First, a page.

JAKARTA (Reuters) - In trying to solve a major economic headache, large fluctuations in food prices, Indonesia may have unintentionally exacerbated another: domestic demand, the archipelago’s main economic engine, which remains stubbornly sluggish.
Consumer sentiment has been hitting record highs this year in the country of 250 million, which economists and retail experts have long touted as a future Mecca for consumer goods.
Yet growth in domestic demand has lingered at rates below 5 percent, underperforming headline growth this year. Officials in the government and at the central bank, which has surprised markets by cutting interest rates twice in recent months, have said they were “baffled” by how weak domestic demand was.
Economists and agricultural experts, however, point to a steady, three-year drop in the average real incomes of Indonesia’s 40 million farmers, who account for a third of the labour force. In an interview with Reuters in November, Finance Minister Sri Mulyani Indrawati said the government needed to take a closer look at farmers’ incomes, which are 3 percent lower in real terms than they were three years ago.
“We really need to watch what’s behind these statistics,” the minister said.
Farming experts say falling rural incomes are partly a side effect of recent government policies to stabilise food prices, which account for 35 percent of the inflation basket.
In 2015, the government set its floor price for unhusked rice of 3,700 rupiah per kg and has not changed it since, while consumer prices have risen 15 percent.
That helped stabilise food inflation below 1 percent. But production costs, which include machinery maintenance, pesticides and fertilizers, have risen to 4,400 per kg of rice this year from 4,199 per kg in 2016, according to Dwi Andreas Santosa, a professor at Bogor Agricultural University.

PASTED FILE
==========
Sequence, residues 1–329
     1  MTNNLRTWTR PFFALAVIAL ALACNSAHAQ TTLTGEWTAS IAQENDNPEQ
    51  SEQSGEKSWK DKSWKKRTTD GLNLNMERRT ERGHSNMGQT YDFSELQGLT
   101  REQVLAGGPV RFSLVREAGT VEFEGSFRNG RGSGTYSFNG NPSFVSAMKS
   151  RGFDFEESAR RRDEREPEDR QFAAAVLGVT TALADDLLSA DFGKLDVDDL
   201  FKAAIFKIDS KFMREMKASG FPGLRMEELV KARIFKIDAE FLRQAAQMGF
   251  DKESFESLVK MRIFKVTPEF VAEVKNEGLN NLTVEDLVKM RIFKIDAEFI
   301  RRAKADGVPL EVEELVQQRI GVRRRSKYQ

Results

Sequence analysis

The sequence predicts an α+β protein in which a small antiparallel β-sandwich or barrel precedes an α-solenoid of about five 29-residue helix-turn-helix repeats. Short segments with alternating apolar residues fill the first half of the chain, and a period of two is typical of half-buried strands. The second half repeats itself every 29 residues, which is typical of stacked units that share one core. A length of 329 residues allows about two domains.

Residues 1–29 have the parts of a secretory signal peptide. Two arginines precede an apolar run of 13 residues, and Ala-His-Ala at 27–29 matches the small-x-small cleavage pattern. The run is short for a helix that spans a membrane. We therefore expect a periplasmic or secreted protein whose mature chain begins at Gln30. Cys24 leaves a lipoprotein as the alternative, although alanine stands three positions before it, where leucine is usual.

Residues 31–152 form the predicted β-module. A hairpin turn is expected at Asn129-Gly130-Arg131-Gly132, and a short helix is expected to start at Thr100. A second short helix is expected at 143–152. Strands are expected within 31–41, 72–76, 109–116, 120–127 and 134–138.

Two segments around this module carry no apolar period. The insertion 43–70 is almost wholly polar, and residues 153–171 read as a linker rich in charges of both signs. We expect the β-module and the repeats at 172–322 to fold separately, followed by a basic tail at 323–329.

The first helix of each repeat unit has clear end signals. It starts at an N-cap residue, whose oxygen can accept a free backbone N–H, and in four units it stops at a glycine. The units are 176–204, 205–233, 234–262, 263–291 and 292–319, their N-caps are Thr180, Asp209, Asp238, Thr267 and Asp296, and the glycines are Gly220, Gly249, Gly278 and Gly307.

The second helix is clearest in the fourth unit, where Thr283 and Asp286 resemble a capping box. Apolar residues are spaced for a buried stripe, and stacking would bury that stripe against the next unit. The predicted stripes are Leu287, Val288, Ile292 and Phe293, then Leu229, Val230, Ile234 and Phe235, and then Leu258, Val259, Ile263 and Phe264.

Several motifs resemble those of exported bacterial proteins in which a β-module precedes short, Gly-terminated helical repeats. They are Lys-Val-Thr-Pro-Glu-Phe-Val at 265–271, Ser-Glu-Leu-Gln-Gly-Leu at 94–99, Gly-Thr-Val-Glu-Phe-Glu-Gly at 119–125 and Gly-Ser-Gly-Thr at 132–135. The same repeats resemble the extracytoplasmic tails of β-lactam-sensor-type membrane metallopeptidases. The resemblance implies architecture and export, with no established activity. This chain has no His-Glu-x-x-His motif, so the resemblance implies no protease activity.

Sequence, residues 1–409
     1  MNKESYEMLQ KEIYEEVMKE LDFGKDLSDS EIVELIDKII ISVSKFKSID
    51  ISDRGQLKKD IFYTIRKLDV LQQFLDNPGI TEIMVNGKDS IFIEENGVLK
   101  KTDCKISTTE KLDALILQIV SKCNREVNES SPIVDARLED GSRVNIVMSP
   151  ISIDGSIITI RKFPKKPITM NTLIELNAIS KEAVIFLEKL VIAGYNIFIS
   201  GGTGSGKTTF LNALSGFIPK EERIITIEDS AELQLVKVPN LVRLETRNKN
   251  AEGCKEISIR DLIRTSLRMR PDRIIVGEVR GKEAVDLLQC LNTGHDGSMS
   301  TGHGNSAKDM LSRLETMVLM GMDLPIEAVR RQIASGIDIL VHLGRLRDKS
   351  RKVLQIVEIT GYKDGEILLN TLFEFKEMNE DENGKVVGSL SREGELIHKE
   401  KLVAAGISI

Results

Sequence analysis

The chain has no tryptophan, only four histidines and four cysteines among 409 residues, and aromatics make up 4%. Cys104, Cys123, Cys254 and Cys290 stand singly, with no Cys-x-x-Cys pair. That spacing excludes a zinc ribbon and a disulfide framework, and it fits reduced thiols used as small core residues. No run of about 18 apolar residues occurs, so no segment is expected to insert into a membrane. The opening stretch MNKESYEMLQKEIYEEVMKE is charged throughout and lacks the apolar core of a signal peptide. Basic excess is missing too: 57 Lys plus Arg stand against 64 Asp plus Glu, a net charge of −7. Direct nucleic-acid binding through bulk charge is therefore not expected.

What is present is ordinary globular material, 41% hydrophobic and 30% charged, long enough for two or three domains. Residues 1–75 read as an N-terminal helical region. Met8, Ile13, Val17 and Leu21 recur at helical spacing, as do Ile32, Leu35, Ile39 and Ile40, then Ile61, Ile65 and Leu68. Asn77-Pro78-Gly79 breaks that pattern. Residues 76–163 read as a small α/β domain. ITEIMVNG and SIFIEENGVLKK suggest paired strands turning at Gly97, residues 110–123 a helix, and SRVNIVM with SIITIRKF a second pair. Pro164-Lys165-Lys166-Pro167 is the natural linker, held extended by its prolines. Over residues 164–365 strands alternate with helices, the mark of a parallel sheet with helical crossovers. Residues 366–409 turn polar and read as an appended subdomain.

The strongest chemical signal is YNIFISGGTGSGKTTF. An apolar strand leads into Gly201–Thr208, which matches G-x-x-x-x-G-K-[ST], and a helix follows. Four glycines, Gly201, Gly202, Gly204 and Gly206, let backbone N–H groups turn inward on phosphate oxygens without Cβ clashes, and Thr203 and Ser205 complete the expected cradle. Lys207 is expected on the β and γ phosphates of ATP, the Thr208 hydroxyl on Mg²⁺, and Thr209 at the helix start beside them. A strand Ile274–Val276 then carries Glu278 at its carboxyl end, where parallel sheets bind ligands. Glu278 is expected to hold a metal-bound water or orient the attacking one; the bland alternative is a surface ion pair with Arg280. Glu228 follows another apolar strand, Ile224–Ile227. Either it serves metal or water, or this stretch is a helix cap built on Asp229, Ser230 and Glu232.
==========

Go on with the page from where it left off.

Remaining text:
In theory, the floor price should protect farmers from sharp falls, while allowing them freedom to negotiate upwards.
In practice, however, most rice is sold at or close to the floor price, because farmers rely on short-term loans to cover their production costs. The loans usually need to be repaid shortly after the harvest, leaving them little leeway.
That means at harvest time, a large supply of rice hits the market over a short period of time, weighing down prices.
“Farming machinery from the government doesn’t work, fertilizer is expensive and we’re being played around during harvest, too,” said Wignyo Sunarno, a 62-year-old farmer in Karanganyar, Central Java, referring to having to quickly repay loans often taken from rice traders rather than banks.
Finance Minister Indrawati said incomes will only improve if productivity picks up and the government is trying to help by investing in irrigation systems. Data from Indonesia’s Planning Ministry shows that Widodo’s administration aims to build 1 million hectares of new irrigation networks in 2015-2019.
That could solve some of the problems that face farmers like 57-year-old Bibit in Klaten, in central Java province. Because he depends on rain, he cannot grow rice in the dry season, when prices are higher.
“I haven’t planted rice because rain is still rare,” said Bibit, who like many Indonesians goes by one name. “If my income came only from farming, it would not be enough,” he said, adding that his pension as an air force retiree fills the gap.
Things might get even worse.
In August, the government introduced a cap on retail prices for some types of rice, aiming to trim the margins traders and middlemen get from rice trading.[nL4N1LM2OO]
But farming experts warn traders are exacting lower prices from farmers, because living from one crop to another puts them in a poor bargaining position.
“You shouldn’t reduce farmers income to provide good prices for consumers. This will only lead to an increase in the poverty rate,” said Santosa at the Bogor Agricultural University.
Lower farming incomes are a significant drag on consumption as farmers, unlike urban workers, are more likely to spend than save as they aspire to catch up with city lifestyles.
Entin, a farmer in Majalaya, in the province of West Java, said the profit from her plot of land was falling, forcing her husband to leave the area to find work. She also had to fend off requests from her three children to buy smartphones she could not afford.
“Being a farmer is giving me headaches,” she said, sitting in the living room of the house she shares with her husband’s parents and siblings.
Additional reporting by Hidayat Setiaji, Ed Davies and Fransiska Nangoy; Writing by Marius Zaharia; Editing by Bill Tarrant